What has made this straight-A student learn to play truant, and what makes her feel ‘uncomfortable’ sitting with her Chinese classmates in class? Her laziness? Her isolation from her peers? Each and every Burmese student will have had different expectations of their life abroad before their departure, but what they could hardly have imagined is the overwhelming feeling of isolation from the mainstream school culture that they would experience. The students are all receiving the same education in the same school, but what has separated them from the mainstream group? What invisible borders stand between them? To answer these questions, I adopt critical race theory (CRT) as a lens to analyse the intersection between race, language and other social categories on campus.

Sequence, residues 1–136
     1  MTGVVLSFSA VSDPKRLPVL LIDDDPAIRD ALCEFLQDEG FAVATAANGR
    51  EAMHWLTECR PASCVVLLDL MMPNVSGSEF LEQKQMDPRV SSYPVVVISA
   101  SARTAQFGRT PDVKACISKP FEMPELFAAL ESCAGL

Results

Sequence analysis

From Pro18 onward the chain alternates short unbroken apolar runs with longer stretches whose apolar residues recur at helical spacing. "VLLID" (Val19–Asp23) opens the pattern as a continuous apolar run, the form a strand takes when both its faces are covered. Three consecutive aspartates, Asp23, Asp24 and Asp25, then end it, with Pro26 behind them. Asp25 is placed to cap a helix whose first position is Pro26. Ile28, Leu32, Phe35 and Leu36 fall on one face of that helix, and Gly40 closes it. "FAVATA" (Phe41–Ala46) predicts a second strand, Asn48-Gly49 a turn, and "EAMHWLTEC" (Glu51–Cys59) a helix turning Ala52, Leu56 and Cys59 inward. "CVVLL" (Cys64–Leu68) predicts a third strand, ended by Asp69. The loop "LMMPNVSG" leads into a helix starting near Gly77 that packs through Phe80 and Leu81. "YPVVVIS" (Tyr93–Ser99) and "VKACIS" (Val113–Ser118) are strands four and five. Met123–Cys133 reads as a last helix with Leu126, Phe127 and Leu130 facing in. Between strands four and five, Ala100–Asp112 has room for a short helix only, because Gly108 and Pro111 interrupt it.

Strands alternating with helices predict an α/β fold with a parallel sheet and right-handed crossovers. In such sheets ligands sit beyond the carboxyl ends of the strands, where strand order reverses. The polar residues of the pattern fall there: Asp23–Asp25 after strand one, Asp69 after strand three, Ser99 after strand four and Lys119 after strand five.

Yosso et al. (2009) demonstrate how racial micro-aggressions can create a negative campus climate in US schools. Latina/o students were found to experience various forms of micro-aggressions at individual and institutional levels. Micro-aggressions include assaults, such as intentionally derogatory verbal or nonverbal attacks; insults, such as subtle put-downs of a rude and insensitive nature regarding a person’s racial heritage or identity; and invalidations, or remarks that diminish, dismiss, or negate the realities and histories of people of color (Yosso et al. 2009, p.662). No matter whether micro-aggressions are conscious or unconscious, they permeate everyday mundane life on campus, which can cause extreme stress to marginalized students.
Similar to exclusions experienced by Latina and Latino students on US campuses, Burmese students are also being racialized in Chinese schools. At educational institutions in China, Putonghua is the (only) legitimate medium of instruction and Burmese students’ linguistic repertoires are often problematized. Most of the participants in my study are huaqiao (华侨), Burmese nationals but ethnically Chinese. Huaqiao students such as Yingying believe that their motherland is in China even though their nationality is Burmese.